Mesenchymal stem cells are adult stem cells with the potential to specialize into a somewhat limited number of cell types – those responsible for making fat, bone and cartilage. But MSCs are also known for their anti-inflammatory properties which are carried out via the release of protein factors. This ability to dampen the immune system makes the MSC an extremely attractive source material for cell therapies. In fact, there are over 500 mesenchymal stem cell-based clinical trials testing treatments for diseases that target a wide range of tissues including spinal cord injury, diabetes, multiple sclerosis, respiratory disorders and graft versus host disease, just to name a few.
MSCs and the Variability Problem
While some MSC-based human trials have had promising results in patients, other studies haven’t been as successful. A key culprit of these mixed results is the lack of standardization on what exactly is a MSC. It’s well documented that preparations of MSC vary significantly from one patient to the next. Even the composition of MSCs from one patient is far from a pure population of cells. And few of the cell surface markers used to define MSCs provide a measure of the cells’ function. This is a real problem for demonstrating the effectiveness and the marketability of MSC-based cell therapies which rely on the delivery of cell product with a consistent, well-defined composition and functional activity.
Help is now on the way based on research reported this week in EBioMedicine by a research team led by Professor Donald Phinney at the Florida campus of The Scripps Research Institute. In the study, the team found that the amount of TWIST1, a protein that regulates gene activity, in a given batch of MSCs could reliably predict the therapeutic effectiveness of those cells.
Meet TWIST1: predictor of a MSC therapy’s potential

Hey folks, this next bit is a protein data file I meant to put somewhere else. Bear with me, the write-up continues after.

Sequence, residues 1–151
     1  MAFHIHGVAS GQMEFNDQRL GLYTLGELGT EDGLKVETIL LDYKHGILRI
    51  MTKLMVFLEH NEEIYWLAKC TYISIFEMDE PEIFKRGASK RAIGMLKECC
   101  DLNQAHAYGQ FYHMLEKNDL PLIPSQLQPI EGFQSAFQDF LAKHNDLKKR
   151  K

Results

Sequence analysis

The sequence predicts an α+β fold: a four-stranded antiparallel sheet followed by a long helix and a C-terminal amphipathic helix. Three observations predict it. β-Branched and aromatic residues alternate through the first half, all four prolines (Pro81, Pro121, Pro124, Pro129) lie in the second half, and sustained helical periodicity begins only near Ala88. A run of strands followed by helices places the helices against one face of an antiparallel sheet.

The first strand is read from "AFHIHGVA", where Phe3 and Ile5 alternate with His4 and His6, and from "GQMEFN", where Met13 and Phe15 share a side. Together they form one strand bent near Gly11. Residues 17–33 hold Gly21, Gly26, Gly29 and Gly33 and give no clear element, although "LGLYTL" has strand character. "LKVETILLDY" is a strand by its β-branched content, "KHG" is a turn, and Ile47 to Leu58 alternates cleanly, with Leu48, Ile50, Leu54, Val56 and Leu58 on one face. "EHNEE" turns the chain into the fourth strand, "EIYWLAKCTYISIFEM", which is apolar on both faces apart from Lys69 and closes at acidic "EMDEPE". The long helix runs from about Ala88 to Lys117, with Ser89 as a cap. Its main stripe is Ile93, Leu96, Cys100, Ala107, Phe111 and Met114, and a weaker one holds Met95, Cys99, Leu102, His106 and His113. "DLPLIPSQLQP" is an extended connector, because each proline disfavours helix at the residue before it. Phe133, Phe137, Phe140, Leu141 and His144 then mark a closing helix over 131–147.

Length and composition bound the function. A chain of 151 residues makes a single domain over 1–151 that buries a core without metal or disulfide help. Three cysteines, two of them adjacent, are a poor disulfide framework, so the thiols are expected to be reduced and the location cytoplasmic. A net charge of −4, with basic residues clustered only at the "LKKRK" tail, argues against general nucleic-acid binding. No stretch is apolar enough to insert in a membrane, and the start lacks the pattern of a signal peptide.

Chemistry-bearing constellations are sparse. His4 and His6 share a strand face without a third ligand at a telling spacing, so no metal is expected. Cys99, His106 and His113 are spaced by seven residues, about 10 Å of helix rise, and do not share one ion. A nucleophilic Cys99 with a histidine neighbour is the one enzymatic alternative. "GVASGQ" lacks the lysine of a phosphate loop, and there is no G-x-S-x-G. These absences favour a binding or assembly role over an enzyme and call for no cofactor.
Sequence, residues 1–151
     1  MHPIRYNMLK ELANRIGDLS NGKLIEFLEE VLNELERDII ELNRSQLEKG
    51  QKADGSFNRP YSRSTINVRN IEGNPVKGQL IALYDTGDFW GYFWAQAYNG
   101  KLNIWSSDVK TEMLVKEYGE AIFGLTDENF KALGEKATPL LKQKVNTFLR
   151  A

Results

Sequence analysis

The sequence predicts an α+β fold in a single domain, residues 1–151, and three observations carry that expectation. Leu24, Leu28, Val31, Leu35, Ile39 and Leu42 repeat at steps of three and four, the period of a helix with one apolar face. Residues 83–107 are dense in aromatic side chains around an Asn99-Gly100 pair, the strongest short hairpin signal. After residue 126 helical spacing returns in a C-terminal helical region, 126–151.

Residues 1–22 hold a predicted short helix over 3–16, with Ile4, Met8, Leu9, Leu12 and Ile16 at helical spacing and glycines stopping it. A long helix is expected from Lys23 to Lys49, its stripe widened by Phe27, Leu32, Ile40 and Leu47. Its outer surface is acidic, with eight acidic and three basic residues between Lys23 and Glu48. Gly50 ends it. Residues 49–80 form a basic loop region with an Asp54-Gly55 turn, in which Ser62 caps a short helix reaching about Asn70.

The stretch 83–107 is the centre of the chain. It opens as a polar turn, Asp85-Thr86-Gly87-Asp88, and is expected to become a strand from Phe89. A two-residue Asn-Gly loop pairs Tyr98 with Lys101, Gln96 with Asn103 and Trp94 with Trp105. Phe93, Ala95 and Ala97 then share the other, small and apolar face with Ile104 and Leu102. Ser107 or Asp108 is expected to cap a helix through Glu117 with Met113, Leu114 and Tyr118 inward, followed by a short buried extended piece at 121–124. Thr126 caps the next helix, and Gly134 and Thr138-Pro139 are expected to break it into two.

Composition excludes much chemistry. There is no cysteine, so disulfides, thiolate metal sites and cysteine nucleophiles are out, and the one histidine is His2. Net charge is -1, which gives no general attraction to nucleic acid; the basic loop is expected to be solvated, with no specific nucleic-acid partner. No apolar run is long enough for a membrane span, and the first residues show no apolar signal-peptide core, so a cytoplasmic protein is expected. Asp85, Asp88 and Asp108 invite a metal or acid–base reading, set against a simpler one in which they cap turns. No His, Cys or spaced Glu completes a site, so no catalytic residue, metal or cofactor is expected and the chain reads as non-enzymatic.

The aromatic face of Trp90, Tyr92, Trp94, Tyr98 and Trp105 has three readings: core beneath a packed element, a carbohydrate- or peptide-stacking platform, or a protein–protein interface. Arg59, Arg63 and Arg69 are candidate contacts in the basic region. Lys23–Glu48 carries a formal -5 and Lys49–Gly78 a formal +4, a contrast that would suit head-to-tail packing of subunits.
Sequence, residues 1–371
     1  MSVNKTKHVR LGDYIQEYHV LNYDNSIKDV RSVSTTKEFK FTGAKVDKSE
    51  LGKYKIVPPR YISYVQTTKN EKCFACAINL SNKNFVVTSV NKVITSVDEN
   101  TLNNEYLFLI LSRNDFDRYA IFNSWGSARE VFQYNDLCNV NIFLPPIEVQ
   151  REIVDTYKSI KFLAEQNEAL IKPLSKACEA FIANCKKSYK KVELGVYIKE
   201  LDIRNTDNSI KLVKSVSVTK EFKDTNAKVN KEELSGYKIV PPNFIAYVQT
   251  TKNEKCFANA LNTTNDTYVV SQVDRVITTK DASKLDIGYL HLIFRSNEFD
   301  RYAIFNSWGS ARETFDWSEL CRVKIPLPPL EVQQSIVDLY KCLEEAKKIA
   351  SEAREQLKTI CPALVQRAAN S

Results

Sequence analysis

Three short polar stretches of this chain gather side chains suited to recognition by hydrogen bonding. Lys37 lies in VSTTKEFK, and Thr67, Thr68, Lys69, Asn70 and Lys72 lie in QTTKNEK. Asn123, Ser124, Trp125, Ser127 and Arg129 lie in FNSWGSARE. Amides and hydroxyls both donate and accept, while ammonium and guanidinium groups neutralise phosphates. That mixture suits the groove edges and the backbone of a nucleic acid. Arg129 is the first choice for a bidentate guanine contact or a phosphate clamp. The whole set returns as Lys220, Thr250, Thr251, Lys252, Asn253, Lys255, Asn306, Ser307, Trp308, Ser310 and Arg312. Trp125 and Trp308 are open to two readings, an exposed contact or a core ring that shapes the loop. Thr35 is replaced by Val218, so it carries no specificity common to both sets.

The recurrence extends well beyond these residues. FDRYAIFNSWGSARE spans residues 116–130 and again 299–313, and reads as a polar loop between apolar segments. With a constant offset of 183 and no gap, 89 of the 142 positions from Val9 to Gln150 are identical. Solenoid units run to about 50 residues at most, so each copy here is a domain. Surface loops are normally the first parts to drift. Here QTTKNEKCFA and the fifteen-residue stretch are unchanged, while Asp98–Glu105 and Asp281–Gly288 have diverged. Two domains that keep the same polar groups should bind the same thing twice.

They set their sights on TWIST1 because previous research described its important role in driving a MSC fate during human development. The team examined the natural variability of TWIST1 levels in human MSCs from several donors. They showed that lower levels of TWIST1 correlated to MSCs with stronger anti-inflammatory properties. Higher levels of TWIST1, on the other hand, were consistent with MSCs that induced angiogenesis, or blood vessel growth, another known ability of this versatile cell type. In another set of experiments, TWIST1 production was silenced using genetic tools. As predicted by the earlier results, these MSCs showed increased anti-inflammatory properties.
Move over Ritcher, Say Hello to the CLIP Scale
Putting this data together, the team devised a scale they call Clinical Indication Prediction, or CLIP for short. The scale gives a clinical researcher an indication of the therapeutic potential of a given batch of donor MSCs based on the TWIST1 protein levels. This information could have a major impact on a clinical trial’s fate. Depending on the goal of a MSC-based cell therapy, a clinical team could set themselves up for failure before the trial even gets underway if they don’t take TWIST1 levels into account. First author Siddaraju V. Boregowda explains this scenario in a press release:
“There are a number of clinical trials testing mesenchymal stem cells to treat arthritis. Since angiogenesis is a key part of the disease process, stem cells with high levels of TWIST1 (indicating they are more angiogenic) would not be beneficial. These cells might be helpful instead for indications such as peripheral vascular disease where new vascularization is beneficial. The proposed CLIP scale accurately predicts these indications and contra-indications.”
We’ll be keeping our eye on this exciting discovery to see if CLIP becomes an integral step in developing MSC-based cell therapies. If it pans out, the CLIP scale could help accelerate the development of new therapies by providing scientists with more clarity and confidence around classifying the identity of a MSC cell product. Stay tuned!